Make your Own Herbal First Aid Kit

This entry is part 1 of 4 in the series Mom's Home Herbal

It irritates me when people want to run to the doctor for every little cough, sneeze, sniffle or fever. I know I shouldn’t be impatient, since I was in that place once. I remember taking my oldest daughter, who is now 15, to the doctor for ear infections, fevers, and sometimes just plain fussiness. I remember the fear and insecurity that came with that, not being able to get a hold of a doctor over the weekend and my poor little baby suffering the whole time while she waited for me to take her to a doctor.

It’s like night and day – once helpless, dependent, and full of worries and fears; now empowered and confident. It is such a comforting feeling to know that for most family illnesses and health emergencies, I have the tools and know-how to take care of them myself! No waiting on a doctor over the weekend or dealing with a screaming child for an hour or more in an emergency room or doctors office waiting room full of sick people. If you have not yet educated yourself on simple herbal remedies for basic family health care, I strongly encourage you to do so – it is one of the best things I have ever done!

To make a family herbal first aid kit, the first thing that you will want to do is take inventory of your family’s health. Are you in basically good health, or do you catch every bug that goes around? What are your most common illnesses? Do you have an extremely clumsy kid? (Zee is very clumsy, and I have gotten calls from the school twice this year about bruises, one of which DCFS sent a social worker to investigate my husband and me at our home!) There are a few things that every family with small children should be prepared for – here is a basic list of some of the most common things that people go to the doctor for that can easily be treated at home:

  • ear infections
  • colds
  • stomach flu
  • pink eye
  • parasites
  • headlice
  • staph infections
  • yeast infections
  • warts
  • strep throat
  • chicken pox

And a few basics, usually treated with over the counter medicines:

  • indigestion
  • diarrhea
  • bug bites
  • sunburn
  • cuts
  • scrapes
  • bruises

All of these can be treated at home naturally without commercially prepared medicines, and would all but completely remove any need for a doctors visit, with the exception of real medical emergencies like broken bones or other traumatic injuries.

The ideal would be to have a small travel size kit with just the basics for the car, and a larger one that is kept in a safe place at home in a container like a large fishing tackle box with plenty of room for ace bandages, and supplies like a capsulator and a mortar and pestle, etc.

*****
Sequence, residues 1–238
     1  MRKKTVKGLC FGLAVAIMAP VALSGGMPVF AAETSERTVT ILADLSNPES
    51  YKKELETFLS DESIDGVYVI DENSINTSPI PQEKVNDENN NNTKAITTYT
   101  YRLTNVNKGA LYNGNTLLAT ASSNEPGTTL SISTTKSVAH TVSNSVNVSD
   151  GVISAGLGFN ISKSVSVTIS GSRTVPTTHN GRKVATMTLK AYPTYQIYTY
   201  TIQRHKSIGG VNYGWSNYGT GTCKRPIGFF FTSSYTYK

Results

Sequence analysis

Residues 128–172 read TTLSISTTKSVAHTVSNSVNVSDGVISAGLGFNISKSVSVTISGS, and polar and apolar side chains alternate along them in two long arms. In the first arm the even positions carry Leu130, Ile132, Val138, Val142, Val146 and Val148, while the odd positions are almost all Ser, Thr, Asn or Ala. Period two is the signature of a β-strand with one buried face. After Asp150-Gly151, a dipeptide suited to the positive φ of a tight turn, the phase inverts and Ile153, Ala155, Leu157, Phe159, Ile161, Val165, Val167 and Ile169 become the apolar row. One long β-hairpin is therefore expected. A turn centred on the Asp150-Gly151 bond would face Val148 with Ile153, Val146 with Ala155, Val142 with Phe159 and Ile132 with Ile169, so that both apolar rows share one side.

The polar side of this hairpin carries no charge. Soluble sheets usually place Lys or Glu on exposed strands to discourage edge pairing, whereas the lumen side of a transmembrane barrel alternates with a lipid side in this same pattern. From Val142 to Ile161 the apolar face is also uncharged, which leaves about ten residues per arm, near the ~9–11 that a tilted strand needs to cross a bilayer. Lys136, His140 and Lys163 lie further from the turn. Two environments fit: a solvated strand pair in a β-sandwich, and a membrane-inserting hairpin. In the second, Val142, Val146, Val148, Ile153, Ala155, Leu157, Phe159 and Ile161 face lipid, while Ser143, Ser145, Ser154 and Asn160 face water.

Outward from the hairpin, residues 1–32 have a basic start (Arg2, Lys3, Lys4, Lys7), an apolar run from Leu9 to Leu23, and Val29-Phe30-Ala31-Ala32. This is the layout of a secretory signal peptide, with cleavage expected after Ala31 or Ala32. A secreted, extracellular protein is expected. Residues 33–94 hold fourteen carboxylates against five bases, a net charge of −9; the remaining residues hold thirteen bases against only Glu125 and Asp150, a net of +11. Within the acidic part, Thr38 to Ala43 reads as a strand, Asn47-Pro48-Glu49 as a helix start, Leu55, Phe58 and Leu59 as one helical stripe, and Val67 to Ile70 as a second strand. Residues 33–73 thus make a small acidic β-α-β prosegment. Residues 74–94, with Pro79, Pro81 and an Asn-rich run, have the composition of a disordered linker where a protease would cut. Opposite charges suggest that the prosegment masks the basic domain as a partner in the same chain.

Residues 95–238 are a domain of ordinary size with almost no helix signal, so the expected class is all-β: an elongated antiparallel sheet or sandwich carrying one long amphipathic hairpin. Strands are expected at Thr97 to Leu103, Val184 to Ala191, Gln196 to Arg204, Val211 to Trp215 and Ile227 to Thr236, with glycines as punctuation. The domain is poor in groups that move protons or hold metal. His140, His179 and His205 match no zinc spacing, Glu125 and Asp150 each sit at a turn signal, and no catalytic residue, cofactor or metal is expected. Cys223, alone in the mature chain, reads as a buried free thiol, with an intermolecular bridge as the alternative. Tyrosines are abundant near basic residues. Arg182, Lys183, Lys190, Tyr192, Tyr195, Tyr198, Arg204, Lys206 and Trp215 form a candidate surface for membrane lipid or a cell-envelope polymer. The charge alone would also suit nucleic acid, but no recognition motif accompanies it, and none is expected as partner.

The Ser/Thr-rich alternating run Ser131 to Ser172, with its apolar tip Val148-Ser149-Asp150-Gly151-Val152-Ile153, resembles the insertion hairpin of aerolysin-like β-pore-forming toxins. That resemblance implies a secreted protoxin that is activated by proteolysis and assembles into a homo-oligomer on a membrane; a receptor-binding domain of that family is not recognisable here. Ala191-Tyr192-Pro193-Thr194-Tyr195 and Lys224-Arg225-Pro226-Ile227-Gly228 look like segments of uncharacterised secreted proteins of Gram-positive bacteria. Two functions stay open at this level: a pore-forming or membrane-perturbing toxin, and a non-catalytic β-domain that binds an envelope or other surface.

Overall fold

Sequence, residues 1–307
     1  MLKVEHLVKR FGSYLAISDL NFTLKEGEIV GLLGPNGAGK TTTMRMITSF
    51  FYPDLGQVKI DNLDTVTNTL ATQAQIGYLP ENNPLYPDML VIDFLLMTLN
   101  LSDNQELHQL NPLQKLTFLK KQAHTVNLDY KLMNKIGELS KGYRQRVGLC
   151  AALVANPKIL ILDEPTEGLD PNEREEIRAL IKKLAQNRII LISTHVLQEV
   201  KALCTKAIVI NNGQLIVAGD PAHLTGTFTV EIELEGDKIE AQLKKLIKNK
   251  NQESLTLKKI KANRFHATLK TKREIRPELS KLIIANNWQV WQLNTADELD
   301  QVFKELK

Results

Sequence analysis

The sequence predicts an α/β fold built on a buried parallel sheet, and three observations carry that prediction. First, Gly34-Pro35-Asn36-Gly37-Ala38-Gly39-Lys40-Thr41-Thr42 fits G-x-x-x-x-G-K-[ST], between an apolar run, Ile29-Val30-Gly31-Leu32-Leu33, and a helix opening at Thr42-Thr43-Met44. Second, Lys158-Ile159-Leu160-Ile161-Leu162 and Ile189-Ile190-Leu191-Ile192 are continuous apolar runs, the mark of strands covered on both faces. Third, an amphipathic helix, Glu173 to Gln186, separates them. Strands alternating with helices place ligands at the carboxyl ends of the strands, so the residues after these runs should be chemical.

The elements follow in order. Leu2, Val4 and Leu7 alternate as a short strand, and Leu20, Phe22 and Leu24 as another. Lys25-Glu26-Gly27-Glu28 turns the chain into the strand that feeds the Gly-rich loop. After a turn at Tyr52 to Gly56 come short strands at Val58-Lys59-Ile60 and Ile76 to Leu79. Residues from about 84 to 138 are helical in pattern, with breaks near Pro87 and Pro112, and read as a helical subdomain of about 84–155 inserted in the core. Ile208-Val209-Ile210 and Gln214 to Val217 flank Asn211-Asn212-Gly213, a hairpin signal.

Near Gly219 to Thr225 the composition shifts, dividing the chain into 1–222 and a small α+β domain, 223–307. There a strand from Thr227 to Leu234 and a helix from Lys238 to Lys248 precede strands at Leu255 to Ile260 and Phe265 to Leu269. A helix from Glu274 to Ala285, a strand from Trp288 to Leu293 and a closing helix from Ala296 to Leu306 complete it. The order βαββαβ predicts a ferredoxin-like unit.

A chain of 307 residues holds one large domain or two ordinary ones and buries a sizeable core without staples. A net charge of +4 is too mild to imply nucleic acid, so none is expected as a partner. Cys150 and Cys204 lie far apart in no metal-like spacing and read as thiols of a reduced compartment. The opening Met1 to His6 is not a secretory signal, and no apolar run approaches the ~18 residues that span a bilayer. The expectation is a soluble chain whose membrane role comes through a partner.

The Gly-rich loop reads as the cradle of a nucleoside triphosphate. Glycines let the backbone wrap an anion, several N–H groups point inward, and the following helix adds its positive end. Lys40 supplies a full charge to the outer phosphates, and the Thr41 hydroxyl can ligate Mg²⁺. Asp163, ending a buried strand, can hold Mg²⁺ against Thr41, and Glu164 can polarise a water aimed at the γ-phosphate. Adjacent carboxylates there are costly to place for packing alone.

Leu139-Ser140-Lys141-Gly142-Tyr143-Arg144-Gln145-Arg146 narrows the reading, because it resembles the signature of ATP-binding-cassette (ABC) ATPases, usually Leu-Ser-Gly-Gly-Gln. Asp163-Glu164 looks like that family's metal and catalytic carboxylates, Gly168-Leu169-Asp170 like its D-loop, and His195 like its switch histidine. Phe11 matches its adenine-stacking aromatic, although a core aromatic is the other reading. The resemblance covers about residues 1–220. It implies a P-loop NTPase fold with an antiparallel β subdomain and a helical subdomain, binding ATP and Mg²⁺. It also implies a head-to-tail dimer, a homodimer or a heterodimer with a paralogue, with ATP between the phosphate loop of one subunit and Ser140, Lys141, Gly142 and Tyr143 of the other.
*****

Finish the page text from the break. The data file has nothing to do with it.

The following is a fairly comprehensive list of things that would be good to keep on hand and their uses (chose the items that are most relevant to your family. You can also add other items that you feel your family needs – if you feel the list is missing something important, please leave a comment!): read more »

The Rooster Delima

This entry is part 6 of 6 in the series Backyard Chickens

So, you want backyard chickens, but you don’t know about the rooster bit. . . so, here’s the deal with roosters:

The pros of having a rooster:

Some of the pros for having a rooster in your flock are:

  • You need one if you want to get new chicks every year.

If you want a truly sustainable flock, you have to have at least one.  A good rule of thumb for the rooster to hen ratio is that for fertile eggs, you need at least one rooster for every 20 hens.  Most backyard flocks are small, since city regulations often limit the number to as little as 6 chickens.

  • Roosters will protect your flock from predators.

This may be true out in the country where your chickens have more room to roam, however in the city where your chickens are probably more confined to a small area in your yard, this isn’t so much the case, especially if they are in an enclosed coop at night.

  • Fertile eggs are more nutritious and Fertile eggs taste better than infertile eggs.

This is highly debatable, and I have yet to see any conclusive evidence that either of these claims are true.

  • Hens lay more eggs when there is a rooster around.

My dad always said that having roosters helped the hens lay more frequently, but I haven’t really noticed a difference without. My hens still lay nearly 1 egg per day in the laying season.

The cons of having a rooster:

  • They are aggressive

The degree of aggressiveness depends on the breed, so if you have small children, you would want to consider not having a rooster, or at least having a more docile breed of rooster, but even the more ‘docile’ breeds are more aggressive in the spring and summer because it is breeding season, and even ‘docile’ breeds like the Rhode Island Reds can be very aggressive. The rooster that inspired the  name of my blog was a Rhode Island Red.

For a list of chicken breeds and characteristics, click here to see Henderson’s Handy-Dandy Chicken Chart

  • They crow

supposedly larger breeds crow less often than the smaller bantam breeds, with a lower pitched crow, but they are also louder. This is a problem if your city has a noise ordinance. You could silence them by having their voice box cut, but to me, that is animal cruelty.

  • They eat as much as hens, but don’t lay eggs.

I think that it is ideal to have a rooster, but in the city where your neighbors are apt to complain about the noise, the best use for a rooster is mean rooster soup.